Today, we meet a fine engineer and would-be
socialist. The University of Houston's College of
Engineering presents this series about the machines
that make our civilization run, and the people
whose ingenuity created them.
Charles Proteus Steinmetz
was born in 1865 in a part of present-day Poland
that was then Germany. He was hunch-backed, but
that didn't slow him down. He was outgoing and
popular in school. While he finished off a
doctorate in mathematics, he also worked as a
radical student activist. His aim was to go on to
one of the utopian socialist communities that many
Europeans were setting up in the American Midwest.
Steinmetz found his way to America after school,
but instead of a utopian community, he went to work
for an electric streetcar company in Yonkers.
General Electric absorbed the company -- and
Steinmetz with it -- four years later. And
Steinmetz's name has been linked to GE ever since.
He did brilliant work there -- made basic
contributions to magnetic theory, to the
mathematics of multi-phase circuitry, and to
lightning control. His 195 patents had a lot to do
with GE's industrial dominance.
But his relationship with GE went beyond technical
contributions. Steinmetz was nothing if not
colorful. His brilliance was matched only by his
ability to generate good newspaper copy, and GE
used him shamelessly. Author John Jordan tells us
how GE exploited Steinmetz's pet alligators, his
cigar smoking, his cactus-raising, his mathematical
genius. They even managed to turn his politics to
Steinmetz's politics never seemed to vary. Yet I've
always distrusted deeply-held principles when they
fail to get a person into trouble. He was
flamboyantly socialistic. He wrote to Lenin just
after the Russian Revolution offering to help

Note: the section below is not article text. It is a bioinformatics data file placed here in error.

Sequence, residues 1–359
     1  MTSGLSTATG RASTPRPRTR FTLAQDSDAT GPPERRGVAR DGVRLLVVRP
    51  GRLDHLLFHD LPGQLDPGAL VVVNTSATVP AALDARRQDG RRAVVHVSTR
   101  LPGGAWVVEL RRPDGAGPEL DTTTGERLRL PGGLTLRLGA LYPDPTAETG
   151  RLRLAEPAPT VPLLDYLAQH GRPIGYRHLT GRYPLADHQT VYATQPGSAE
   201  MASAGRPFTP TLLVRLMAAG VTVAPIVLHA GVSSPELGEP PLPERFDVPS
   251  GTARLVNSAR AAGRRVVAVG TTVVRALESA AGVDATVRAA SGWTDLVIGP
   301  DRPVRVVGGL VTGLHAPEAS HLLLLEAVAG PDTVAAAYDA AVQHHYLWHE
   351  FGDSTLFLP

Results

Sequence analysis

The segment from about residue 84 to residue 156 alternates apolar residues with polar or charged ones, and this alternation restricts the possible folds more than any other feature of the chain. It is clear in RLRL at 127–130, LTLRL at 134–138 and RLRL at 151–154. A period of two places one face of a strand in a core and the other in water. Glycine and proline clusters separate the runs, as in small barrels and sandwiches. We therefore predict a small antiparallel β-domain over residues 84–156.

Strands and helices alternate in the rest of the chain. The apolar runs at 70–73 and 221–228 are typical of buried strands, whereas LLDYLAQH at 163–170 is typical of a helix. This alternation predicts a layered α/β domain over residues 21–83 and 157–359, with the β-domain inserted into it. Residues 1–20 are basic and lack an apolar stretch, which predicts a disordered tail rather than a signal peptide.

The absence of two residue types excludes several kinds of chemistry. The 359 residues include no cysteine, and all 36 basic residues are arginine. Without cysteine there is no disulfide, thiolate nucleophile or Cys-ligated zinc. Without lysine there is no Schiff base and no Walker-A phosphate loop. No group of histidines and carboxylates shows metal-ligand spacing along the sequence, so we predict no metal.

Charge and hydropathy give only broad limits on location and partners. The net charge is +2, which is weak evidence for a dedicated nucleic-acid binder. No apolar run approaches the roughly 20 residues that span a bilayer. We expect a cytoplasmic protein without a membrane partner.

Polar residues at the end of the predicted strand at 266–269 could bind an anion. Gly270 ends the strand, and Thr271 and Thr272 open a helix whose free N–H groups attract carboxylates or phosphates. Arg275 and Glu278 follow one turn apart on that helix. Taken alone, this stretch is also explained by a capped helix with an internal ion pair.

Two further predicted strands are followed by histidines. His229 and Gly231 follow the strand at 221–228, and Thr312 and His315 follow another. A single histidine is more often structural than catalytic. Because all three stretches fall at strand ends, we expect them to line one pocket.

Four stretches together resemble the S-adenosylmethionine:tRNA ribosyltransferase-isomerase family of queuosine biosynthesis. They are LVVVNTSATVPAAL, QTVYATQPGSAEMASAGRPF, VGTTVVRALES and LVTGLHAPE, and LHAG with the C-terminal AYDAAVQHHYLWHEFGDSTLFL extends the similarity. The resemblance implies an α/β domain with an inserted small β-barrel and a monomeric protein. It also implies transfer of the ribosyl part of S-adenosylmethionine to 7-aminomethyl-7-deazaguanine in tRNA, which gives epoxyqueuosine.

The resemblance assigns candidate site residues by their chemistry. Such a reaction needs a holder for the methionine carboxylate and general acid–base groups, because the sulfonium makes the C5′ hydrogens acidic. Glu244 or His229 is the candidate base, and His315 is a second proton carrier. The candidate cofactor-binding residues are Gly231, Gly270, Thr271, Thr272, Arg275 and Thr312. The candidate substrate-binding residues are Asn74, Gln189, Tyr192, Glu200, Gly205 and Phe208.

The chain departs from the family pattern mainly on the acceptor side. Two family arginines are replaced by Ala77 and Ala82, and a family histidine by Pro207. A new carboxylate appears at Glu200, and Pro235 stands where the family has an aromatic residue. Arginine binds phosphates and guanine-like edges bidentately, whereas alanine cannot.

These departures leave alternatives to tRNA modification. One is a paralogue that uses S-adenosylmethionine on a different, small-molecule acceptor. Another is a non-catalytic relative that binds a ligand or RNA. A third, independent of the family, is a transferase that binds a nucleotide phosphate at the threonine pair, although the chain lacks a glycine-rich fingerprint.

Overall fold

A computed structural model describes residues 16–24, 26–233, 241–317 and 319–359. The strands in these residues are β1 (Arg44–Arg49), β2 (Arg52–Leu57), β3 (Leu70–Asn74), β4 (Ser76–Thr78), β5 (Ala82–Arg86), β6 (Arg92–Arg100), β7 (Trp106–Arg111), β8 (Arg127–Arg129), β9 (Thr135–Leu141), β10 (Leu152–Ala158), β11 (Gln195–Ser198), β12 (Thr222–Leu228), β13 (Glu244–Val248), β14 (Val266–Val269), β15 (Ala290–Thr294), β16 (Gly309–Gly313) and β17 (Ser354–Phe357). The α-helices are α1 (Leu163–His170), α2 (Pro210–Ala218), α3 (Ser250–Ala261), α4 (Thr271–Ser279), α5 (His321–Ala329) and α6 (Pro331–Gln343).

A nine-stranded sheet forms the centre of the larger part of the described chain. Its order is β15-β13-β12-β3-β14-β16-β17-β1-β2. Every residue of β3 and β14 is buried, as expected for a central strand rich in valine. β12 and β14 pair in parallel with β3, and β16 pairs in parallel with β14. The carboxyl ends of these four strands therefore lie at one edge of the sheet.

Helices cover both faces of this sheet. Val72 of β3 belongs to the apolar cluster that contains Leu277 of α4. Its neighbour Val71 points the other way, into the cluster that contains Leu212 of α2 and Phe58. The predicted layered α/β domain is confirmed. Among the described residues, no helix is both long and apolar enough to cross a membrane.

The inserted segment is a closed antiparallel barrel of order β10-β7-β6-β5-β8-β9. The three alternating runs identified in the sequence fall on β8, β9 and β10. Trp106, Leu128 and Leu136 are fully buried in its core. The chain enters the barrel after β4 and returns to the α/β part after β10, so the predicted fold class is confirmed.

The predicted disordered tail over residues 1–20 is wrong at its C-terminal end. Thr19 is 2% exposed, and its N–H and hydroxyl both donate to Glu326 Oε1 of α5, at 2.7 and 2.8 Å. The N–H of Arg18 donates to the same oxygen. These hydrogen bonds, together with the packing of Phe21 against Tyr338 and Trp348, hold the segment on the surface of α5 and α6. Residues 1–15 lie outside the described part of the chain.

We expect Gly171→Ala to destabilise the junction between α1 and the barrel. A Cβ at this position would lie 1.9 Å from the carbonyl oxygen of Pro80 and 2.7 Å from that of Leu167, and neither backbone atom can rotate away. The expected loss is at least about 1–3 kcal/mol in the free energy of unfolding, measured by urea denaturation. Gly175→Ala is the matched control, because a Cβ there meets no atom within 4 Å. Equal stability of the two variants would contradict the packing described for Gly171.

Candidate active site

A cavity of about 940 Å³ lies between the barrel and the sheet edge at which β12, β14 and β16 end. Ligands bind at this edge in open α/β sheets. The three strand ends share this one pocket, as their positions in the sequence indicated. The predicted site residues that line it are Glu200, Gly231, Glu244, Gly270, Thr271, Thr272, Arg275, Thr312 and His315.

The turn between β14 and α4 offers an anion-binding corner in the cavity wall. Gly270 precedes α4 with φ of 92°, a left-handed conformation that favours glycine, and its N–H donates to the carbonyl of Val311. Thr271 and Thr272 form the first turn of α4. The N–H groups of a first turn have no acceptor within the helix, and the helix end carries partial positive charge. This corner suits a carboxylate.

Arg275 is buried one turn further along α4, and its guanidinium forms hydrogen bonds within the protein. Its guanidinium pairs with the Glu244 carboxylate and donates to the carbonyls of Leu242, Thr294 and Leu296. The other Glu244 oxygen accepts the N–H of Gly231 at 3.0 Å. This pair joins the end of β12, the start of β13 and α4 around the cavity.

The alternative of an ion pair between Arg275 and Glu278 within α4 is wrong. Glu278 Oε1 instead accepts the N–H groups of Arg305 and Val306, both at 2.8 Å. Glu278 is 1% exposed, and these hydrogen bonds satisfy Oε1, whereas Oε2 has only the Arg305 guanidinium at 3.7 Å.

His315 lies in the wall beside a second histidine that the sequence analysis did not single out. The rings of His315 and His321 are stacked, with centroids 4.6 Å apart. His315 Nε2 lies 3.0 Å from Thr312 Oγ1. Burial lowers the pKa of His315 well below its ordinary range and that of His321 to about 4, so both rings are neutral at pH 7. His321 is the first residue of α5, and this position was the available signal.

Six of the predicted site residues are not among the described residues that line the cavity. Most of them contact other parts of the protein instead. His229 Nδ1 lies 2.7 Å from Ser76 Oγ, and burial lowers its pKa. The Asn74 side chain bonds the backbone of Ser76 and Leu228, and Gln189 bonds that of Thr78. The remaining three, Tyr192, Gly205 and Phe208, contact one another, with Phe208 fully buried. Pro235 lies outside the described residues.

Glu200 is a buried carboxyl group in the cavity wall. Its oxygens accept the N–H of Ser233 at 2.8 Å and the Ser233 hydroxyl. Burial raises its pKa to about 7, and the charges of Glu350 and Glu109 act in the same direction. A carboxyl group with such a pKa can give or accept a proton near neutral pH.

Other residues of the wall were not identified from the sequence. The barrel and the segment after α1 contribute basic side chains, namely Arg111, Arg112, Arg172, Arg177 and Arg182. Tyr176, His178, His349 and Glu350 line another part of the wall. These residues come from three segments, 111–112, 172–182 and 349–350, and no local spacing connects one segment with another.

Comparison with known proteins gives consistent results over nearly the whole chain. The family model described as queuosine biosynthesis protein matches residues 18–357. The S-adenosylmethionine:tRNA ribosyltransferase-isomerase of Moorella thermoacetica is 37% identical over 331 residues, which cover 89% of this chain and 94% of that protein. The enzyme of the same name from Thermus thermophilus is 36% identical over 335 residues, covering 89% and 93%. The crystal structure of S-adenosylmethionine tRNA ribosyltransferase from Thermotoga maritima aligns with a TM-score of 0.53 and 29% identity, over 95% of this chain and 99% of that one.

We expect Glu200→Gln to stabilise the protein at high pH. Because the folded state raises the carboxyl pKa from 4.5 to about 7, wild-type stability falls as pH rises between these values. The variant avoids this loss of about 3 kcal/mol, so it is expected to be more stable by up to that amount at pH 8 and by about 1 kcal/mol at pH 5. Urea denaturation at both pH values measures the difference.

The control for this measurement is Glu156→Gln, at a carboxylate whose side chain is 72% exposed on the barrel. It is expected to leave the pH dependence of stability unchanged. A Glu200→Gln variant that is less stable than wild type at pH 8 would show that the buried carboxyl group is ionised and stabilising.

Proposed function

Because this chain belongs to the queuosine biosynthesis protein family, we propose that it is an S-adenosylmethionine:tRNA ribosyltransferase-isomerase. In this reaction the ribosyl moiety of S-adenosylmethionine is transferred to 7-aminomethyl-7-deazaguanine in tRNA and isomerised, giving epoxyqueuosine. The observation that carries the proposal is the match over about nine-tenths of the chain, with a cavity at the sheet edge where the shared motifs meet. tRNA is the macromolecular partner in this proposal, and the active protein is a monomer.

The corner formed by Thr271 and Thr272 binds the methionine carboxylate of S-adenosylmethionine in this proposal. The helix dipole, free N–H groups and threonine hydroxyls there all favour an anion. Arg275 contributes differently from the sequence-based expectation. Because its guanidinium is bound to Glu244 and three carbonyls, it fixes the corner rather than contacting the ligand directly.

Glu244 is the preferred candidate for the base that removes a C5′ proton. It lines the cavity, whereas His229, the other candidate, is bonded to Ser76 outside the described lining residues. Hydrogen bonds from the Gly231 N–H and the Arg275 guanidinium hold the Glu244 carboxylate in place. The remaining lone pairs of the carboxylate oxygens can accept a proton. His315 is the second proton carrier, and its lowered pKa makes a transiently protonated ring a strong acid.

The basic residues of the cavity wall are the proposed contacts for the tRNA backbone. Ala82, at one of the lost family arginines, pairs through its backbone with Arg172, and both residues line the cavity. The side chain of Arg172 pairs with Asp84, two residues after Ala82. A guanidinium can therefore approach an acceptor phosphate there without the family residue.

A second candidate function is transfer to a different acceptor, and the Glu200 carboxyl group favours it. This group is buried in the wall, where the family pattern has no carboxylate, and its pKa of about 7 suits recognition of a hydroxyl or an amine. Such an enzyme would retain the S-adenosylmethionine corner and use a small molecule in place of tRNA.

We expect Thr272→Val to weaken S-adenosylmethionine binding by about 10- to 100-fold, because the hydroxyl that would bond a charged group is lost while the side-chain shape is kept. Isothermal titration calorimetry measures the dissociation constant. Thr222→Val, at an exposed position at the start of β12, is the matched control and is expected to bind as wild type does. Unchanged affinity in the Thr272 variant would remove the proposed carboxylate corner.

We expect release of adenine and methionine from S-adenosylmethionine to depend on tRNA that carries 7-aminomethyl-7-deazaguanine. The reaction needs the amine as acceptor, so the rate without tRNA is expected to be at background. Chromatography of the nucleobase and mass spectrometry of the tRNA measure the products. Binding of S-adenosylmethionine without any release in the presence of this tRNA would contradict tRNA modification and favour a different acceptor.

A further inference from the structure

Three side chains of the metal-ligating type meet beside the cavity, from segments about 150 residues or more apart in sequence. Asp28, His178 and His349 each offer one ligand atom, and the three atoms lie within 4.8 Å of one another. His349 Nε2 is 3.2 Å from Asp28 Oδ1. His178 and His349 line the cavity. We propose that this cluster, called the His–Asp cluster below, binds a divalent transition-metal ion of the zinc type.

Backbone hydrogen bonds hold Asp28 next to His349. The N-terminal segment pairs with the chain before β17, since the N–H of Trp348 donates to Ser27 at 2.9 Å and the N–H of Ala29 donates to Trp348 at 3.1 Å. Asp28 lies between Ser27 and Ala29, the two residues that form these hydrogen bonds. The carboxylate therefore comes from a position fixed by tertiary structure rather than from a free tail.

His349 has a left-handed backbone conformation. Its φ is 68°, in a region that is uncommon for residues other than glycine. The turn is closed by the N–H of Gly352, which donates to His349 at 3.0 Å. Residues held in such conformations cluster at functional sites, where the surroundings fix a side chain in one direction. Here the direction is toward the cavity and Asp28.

electrify Russia. Lenin declined Steinmetz's help
but sent him a signed picture. And Steinmetz
proudly mounted it on the wall.
Steinmetz saw the large industrial corporation as
the agent of American socialist reform. Efficiency
was his watchword. We would improve American life
by letting the efficiency of big business serve
workers' needs. Logic and centralization are twin
themes in all Steinmetz's writings on the revision
I was a child in the next decade after Steinmetz's
death. During those years, posters advocating
Technocracy dotted the American landscape.
Technocracy, my father told me, aimed to make
rational use of engineering to cure the Depression.
I was only eight, and it was hard to understand my
father's skepticism. Steinmetz lived in the
childhood of modern industrial America. The
political form of that America was much too complex
to fit into his strange wedding of socialism and
corporate capitalism. Steinmetz's socialism has
long since been forgotten. What survives him is
real accomplishment in the more straightforward
world of engineering.
I'm John Lienhard, at the University of Houston,
where we're interested in the way inventive minds